What Marketers Should Know About Twitter's New Algorithmic 'Catch-Up' Feed
The Twitter timelines, they are a-changing.
On Wednesday Twitter will start giving the people the option to have the social network algorithmically curate their feeds to show them the top tweets they may have missed since the last time they checked Twitter.
The adoption of an algorithmic feed echoes Facebook's news feed, but Twitter isn't going full-Facebook. Twitter's algorithmic feed is more of a supplement to its traditional reverse-chronological feed than a replacement. For example, Twitter isn't enabling it by default. Instead people will need to opt in to access it, said Twitter VP-Revenue Product Ameet Ranadive.
"Previously when we constructed the user's home timeline, recency was the only factor that determined what content showed up in the home timeline," Mr. Ranadive said. "Now what we're doing is we're taking recency and we're adding relevance to make sure that the best and most timely tweets are what's displayed at the top."
He described the catch-up feed as an extension to the "while you were away" feature Twitter introduced in January 2015.
The new feed will show up atop the river of tweets that logged-in users see when they first open Twitter's app or pull up its site. It will contain about a dozen posts that Twitter's algorithm calculates a person may have missed since they last checked Twitter and would like to see. Those will be limited to tweets from the accounts that a person already follows, Mr. Ranadive said. He originally told Ad Age that the feed would not contain ads, but after this article was published, a Twitter spokeswoman said that he misspoke and that the catch-up feed will contain ads. People will be able to scroll past the catch-up portion to return to their regular reverse-chronological, real-time feed.
To figure out which tweets should reappear in the catch-up feed, Twitter's algorithm will take into consideration which Twitter accounts and types of tweets a person typically interacts with, their interests and any trends among the people they follow, such as whether a lot of those people are tweeting about a certain event, as well as the behavior of Twitter users with similar interests.
Since Twitter is taking into accounts things like the number of retweets or likes a tweet has received when determining what to show in the catch-up feed, some users might be tempted to game its algorithm, promoting a tweet as an ad for example to juice the number of interactions it gets. But the algorithm is designed to reinforce the meritocracy of content on Twitter, according to Mr. Ranadive. It will only rank tweets based on organic engagement, so any retweets or likes that a promoted tweet receives will not factor into that ranking, he said.
"This is a change that essentially makes all content on Twitter created equal," Mr. Ranadive added. "So this is a not pay-to-play platform, unlike our competitors'. The best content, whether it's from a celebrity, another user or a brand, is always going to be what rises to the top."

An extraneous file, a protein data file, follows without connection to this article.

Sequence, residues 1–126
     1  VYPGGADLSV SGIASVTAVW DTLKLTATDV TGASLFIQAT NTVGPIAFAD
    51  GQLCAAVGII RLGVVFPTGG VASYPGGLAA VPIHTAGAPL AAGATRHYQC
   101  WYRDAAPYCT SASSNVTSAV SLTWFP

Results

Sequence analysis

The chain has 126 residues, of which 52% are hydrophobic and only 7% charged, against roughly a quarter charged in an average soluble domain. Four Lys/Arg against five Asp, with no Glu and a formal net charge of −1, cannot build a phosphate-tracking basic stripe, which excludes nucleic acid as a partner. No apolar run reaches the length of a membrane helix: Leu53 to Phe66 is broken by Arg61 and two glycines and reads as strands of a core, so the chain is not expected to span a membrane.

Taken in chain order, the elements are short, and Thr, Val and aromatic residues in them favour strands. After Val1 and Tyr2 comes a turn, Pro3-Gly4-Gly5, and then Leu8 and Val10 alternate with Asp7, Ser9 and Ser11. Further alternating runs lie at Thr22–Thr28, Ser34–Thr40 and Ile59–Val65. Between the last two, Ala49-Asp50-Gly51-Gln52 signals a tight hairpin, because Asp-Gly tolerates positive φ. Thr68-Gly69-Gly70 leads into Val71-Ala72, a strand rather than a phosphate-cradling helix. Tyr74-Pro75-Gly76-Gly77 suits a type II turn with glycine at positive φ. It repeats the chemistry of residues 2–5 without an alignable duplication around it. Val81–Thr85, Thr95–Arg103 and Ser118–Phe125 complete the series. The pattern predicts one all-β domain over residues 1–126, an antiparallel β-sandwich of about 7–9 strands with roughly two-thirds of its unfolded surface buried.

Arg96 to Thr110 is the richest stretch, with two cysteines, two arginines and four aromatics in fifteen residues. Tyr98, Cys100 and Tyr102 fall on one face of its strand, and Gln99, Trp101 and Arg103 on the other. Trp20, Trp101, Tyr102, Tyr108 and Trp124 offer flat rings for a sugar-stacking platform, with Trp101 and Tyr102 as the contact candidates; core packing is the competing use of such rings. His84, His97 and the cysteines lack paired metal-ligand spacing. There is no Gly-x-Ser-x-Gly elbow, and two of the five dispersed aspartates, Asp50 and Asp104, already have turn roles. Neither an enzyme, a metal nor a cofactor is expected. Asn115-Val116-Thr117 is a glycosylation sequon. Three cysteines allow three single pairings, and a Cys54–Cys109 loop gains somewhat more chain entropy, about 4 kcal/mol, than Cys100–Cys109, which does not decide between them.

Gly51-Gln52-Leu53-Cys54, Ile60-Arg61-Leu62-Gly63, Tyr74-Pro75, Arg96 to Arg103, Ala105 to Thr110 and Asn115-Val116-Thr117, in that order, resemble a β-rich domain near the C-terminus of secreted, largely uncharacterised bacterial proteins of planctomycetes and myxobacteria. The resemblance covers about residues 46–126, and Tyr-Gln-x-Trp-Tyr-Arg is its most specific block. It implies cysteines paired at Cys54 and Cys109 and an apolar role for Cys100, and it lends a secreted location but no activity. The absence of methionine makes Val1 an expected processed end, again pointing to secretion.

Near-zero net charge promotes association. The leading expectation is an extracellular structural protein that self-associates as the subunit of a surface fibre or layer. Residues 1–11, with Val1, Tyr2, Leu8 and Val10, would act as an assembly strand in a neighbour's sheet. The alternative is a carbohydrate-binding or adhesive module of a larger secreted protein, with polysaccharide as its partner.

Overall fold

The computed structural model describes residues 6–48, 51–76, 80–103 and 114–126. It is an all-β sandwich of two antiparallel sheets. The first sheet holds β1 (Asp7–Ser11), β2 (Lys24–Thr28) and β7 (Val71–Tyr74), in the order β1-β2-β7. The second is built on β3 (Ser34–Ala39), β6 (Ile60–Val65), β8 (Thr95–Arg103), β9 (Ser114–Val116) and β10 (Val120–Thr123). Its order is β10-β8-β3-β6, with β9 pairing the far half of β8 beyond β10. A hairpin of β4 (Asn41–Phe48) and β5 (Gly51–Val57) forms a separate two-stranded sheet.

Although the new feed doesn't offer any immediate, major changes for marketers, anything that gets Twitter's 320 million monthly users to check in more often would expand the reach of Twitter's new First View video ad. First View displays in people's feeds each day when they first open Twitter's app or log into its desktop site.
And considering that brands tend to have large followings and receive a lot of retweets and like for their posts, their unpaid tweets could be more likely to appear in the catch-up feed, extending brands' organic reach and, in turn, potentially leading to more retweets and likes.
"The great news is that the new system prioritizes the best content, in which case marketers who are already making great content have a greater chance of more organic visibility," 360i CEO Sarah Hofstetter said in an email. "So that pretty much aligns with the recommendations we've been giving to clients for years -- it's just that now Twitter is rewarding the better content, organic or paid."
In testing the new algorithmic feed, Mr. Ranadive said, more people ended up interacting with brands' unpaid tweets as well as tweets around live events, when feeds can become especially clogged with an abnormal number of tweets. "We saw that across the board engagement on organic brand content went up significantly," he said. People were also more likely to tweet and retweet others' tweets when they used the algorithmic feed, he added.
BuzzFeed reported Friday that Twitter would be introducing an algorithmic timeline as soon as this week.
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CORRECTION: An earlier version of this story incorrectly stated that Twitter's catch-up feed will not contain ads and attributed that information to Twitter's Ameet Ranadive. After this article published, a Twitter spokeswoman said that Mr. Ranadive had misspoken and that the feed would contain ads.